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Lebanon layover: Ryanair to launch cheap flights to Beirut

The budget airline already flies to Israel, Morocco and Jordan [Getty]

Date of publication: 11 July, 2019

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Flights will fly three times a week from Paphos in Cyprus to Beirut from 30 October, with initial fares starting at just €15 (£13) each way, according to reports.
Europe's biggest budget airline will soon fly to Lebanon’s capital, the Irish carrier confirmed, its third Middle East destination.

Flights will fly three-times-a-week from Paphos in Cyprus to Beirut from 30 October, with initial fares starting at just €15 (£13) each way, according to a report by The Independent.

"We're pleased to announce Ryanair’s low fares have arrived at Beirut, our newest airport and first in Lebanon," the airline's spokesperson, Chiara Ravara, said.

"Customers in Lebanon can book low fare flights to Paphos as far out as March 2020."

The Boeing 737 flight will travel 183 miles between the two airports, and is expected to take just 65 minutes. 

The new cheaper link would prove to offer stiff competition for current British Airways and Middle East Airlines, which fly to Beirut from London’s Heathrow Airport for more than £300 return.

Passengers travelling to Beirut via Paphos will now be able to pay just £115 return flight from London's Stansted using Ryanair, The Independent reported.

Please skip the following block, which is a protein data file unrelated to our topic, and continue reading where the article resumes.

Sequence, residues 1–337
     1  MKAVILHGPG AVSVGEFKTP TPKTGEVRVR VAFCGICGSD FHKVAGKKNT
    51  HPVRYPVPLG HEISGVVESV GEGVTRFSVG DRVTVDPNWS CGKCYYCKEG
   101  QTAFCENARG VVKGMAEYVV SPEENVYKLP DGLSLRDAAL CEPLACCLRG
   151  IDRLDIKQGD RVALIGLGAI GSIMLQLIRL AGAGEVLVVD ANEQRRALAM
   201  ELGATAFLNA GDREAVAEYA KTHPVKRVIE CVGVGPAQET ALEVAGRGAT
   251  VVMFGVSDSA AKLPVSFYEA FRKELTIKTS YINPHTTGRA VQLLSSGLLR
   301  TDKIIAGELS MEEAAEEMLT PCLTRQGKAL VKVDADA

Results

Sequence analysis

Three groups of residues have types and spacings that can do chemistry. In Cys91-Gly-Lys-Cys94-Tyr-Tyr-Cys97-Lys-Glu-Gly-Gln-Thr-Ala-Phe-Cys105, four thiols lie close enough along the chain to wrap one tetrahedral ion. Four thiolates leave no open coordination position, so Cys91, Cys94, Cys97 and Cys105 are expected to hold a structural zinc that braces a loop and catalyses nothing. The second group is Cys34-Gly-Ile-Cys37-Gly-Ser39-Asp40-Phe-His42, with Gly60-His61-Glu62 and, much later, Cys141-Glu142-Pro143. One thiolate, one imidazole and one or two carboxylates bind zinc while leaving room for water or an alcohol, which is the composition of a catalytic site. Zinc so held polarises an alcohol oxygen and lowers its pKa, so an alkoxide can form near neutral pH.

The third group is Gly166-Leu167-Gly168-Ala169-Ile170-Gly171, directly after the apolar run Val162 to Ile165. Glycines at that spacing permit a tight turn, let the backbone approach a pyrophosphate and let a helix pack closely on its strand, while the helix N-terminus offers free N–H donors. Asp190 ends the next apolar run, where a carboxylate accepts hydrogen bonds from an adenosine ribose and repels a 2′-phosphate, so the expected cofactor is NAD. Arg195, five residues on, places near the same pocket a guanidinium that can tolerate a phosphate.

Nine years ago, Lebanon's tourism minister  urged the airliner, as well as easyJet, to "consider Lebanon" where there was huge demand for cheap flights, Fadi Abboud said.

Last year, Ryanair launched flights to Amman and Aqaba in Jordan, expanding its operations in the Middle East where it already operates in Israel and Morocco.

The airline, which carried almost 130 million passengers last year, said it expected to fly 430,000 passengers per year to-and-from Jordan.

"Enhancing air connectivity is one of the key areas Jordan is focusing on given its impact on unlocking economic growth through attracting business investment as well as spurring tourism," Jordan's Minister of Tourism Lina Annab said in a statement welcoming Ryanair's announcement in March last year.

Both Jordan and Lebanon have been attempting to revive tourism, which nose-dived in 2011 over fears of spillover from the conflict in neighbouring Syria.

Lebanon's caretaker minister of tourism Avedis Guidanian last year said tourism makes up 8 to 10 percent of Lebanon's GDP.

Prior to 2011, Gulf countries fuelled Lebanon's tourism. Guidanian said the country will have to move towards attracting tourists from new markets such as China, Russia, India and Europe.

Lebanon welcomed 1.85 million tourists in 2017, according to the tourism ministry, the most since 2010 when 2.16 million travellers arrived.

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